Five top designers talk through the hottest design and decorating trends and offer their top tips for recreating them in your own home
Compiled by: Róisín Carabine
Julianne Kelly: Create joy with colour
Bring happiness home with hot hues in uplifting shades and experimental pattern and print
“Having spent more time at home than usual, the need to inject some positivity and optimism into our surroundings will see people embracing a more joyful colour palette as well as being more experimental with print and pattern,” says Dublin-based interior designer Julianne Kelly. “The dark greens, navy and blush pinks that were big players in 2021 are being ditched in favour of yellows, pinks and oranges and even the long-forgotten red shades.
Images: (left) Blinds and cushions in Laly, by Manuel Canovas; and (right) Headboard in Juno, cushions in Arlo & Raffi, curtains in Wildwood, all by Jane Churchill.
“For a dramatic impact why not saturate walls and ceiling in one shade and pick out an accessory or piece of furniture in a primary colour. It’s amazing how getting rid of a white ceiling can really accentuate the depth of colour on the walls, while also having a calming effect.
“If all that sounds too bold, consider adding colour through lighting. It’s super easy (and relatively inexpensive) to change a lampshade’s fabric. I’m loving heavy velvet and boucle fabrics in rich colours on lamps at the moment. Pair them with a golden foil on the inside for a total luxe look.”
Image: Julianne’s Clarinda project is a lesson in how to colour pop perfectly using cushions and accessories for an unexpected hit.
Lara Wasson: Use natural materials
Embrace timbers, wool, sisal and stone for a grounded look that’s comforting and honest
“With the world feeling like an unpredictable place to live right now, our connection to nature has never felt more important. For interiors, this has translated into bringing the outside in and using natural materials to decorate our homes,” says former fashion buyer and serial renovator Lara Wasson, founder of new Irish sustainable light bulb shop Litt.
Images: (left) Workshop oak table from €1,895 & chairs from €375, Ply rug, from €1,095, Muuto; and (right) Petra sofa, €2,399; Sirius rug, €169; Izza rug, €155, Bloomingville.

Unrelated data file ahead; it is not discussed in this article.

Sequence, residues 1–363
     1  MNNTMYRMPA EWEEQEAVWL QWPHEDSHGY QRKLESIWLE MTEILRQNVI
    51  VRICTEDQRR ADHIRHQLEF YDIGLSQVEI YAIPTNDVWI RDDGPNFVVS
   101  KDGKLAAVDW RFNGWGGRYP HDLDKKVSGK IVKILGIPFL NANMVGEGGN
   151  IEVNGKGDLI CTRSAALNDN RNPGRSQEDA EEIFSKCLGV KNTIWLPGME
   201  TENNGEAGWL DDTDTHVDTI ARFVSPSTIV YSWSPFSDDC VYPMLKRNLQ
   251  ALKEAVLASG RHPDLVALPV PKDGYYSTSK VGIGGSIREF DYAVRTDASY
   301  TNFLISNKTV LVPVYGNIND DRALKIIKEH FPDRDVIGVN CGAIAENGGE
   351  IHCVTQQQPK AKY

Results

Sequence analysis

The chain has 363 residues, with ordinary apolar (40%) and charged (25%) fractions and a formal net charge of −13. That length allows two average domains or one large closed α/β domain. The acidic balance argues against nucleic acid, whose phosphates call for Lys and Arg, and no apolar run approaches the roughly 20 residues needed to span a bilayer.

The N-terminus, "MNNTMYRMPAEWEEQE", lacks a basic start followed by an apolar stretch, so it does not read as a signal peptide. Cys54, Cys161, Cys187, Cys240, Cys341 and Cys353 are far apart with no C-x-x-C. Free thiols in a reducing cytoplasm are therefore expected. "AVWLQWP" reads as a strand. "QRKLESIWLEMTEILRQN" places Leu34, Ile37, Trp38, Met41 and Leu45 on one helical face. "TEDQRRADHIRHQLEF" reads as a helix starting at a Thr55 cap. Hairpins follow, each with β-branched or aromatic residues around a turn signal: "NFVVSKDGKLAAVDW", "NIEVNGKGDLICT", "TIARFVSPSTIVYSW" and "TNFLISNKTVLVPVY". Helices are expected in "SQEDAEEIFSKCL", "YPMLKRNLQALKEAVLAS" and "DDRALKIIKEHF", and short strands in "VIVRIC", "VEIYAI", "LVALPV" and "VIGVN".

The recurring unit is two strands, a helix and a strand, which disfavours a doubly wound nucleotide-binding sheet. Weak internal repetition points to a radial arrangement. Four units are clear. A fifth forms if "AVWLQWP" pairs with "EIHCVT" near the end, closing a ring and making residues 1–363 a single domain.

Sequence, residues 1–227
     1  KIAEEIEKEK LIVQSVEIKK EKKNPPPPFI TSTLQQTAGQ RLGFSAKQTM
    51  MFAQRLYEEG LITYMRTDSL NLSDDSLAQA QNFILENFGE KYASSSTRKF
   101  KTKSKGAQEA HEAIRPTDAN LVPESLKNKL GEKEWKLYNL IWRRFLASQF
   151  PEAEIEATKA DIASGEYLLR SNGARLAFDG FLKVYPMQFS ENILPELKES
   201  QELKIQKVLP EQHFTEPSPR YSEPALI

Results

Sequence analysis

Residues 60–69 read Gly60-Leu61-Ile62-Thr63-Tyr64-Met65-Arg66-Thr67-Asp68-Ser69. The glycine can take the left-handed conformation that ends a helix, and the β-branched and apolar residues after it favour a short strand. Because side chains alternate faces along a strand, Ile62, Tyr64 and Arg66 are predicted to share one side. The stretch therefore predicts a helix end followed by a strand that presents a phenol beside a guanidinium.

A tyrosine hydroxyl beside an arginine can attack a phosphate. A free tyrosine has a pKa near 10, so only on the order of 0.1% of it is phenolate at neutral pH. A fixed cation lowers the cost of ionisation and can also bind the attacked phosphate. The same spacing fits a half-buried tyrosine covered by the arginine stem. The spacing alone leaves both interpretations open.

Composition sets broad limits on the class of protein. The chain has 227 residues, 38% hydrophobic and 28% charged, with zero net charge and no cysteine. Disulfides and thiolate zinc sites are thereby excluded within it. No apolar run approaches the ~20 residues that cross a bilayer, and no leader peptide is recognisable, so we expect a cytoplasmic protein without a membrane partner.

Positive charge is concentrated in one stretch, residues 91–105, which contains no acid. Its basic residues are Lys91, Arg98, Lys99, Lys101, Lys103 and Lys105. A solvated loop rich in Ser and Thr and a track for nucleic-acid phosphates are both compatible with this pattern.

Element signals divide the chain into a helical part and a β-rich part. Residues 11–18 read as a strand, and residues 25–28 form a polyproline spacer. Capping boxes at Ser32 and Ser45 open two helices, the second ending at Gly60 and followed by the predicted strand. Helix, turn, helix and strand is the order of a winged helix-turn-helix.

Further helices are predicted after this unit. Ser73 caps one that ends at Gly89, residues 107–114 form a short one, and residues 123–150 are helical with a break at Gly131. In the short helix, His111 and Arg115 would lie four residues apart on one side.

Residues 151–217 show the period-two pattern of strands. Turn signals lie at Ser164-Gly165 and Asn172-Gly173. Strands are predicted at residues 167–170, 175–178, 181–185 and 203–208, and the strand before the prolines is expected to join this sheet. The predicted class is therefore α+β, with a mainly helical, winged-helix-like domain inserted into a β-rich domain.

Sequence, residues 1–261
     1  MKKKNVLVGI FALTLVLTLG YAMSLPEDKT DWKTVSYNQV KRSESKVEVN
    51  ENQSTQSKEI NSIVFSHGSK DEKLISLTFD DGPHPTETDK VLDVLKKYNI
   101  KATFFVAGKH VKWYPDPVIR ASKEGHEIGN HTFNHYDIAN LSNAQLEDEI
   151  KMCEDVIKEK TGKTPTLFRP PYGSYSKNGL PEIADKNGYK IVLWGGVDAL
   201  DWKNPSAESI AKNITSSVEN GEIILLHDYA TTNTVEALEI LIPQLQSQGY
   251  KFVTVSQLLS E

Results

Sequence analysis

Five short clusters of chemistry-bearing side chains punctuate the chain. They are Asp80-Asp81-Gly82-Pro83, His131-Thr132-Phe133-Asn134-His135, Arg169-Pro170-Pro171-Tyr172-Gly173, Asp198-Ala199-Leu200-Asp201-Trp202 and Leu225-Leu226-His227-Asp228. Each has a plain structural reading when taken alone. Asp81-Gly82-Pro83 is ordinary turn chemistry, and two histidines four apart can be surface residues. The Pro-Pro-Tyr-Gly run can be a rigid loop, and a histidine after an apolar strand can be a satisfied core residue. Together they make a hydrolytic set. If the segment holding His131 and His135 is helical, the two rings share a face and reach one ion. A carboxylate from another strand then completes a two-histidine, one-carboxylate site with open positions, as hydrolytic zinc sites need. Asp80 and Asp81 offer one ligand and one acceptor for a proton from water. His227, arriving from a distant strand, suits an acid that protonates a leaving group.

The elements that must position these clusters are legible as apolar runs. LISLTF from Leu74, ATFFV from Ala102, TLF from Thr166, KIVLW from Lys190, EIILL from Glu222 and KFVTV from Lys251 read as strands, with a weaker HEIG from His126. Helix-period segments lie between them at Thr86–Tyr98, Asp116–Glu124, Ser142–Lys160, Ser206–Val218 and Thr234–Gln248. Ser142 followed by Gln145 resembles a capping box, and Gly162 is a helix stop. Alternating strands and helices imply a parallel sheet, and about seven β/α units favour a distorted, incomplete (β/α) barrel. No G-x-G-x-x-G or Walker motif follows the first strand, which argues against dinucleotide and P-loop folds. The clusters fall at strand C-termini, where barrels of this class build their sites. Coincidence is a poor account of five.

“In 2021 we enjoyed the benefits of adding plants and trees to our indoor spaces, in 2022 this is set to extend to the furniture and fixtures throughout our homes. Think rattan sofas, wooden accessories, raw stone planters, opaque glass pendants and soft textiles in natural wools and linen. Naturally imperfect by design, these materials are perfect for adding instant character and texture to a room, creating a look that is stylish and relaxed and enveloped in nature.
“As the trend develops, I predict interiors fans will take a more sustainable approach to buying, sourcing upcycled, vintage and ethically produced pieces in eco-friendly raw materials as well as switching to dimmable, soft, warm energy-efficient light bulbs to accentuate a sense of calm.”
Image: Gaia, 6W bulb, €28 & Brass pendant, €70, Litt.
Arlene McIntyre: Embrace broken plan interiors
Use screens, joinery partitions and open-plan bookcases to zone areas and create privacy
“The last 18 months has really forced us to think about our home’s functionality and how we can make it work harder. An increasing demand for ﬂexible zoned living spaces and greater privacy will see the current trend for broken plan living really come into dominance in 2022,” predicts Arlene McIntyre, creative director of Ventura Design.
“Living in one big open plan space is not as desirable as it used to be. People are now craving more intimate corners and separate zones that all have different functions and are seeking creative ways to achieve this.
Image: Want to zone oﬀ an open plan living/dining room? Slip in a snug. Photography: Piotr Zawistowski.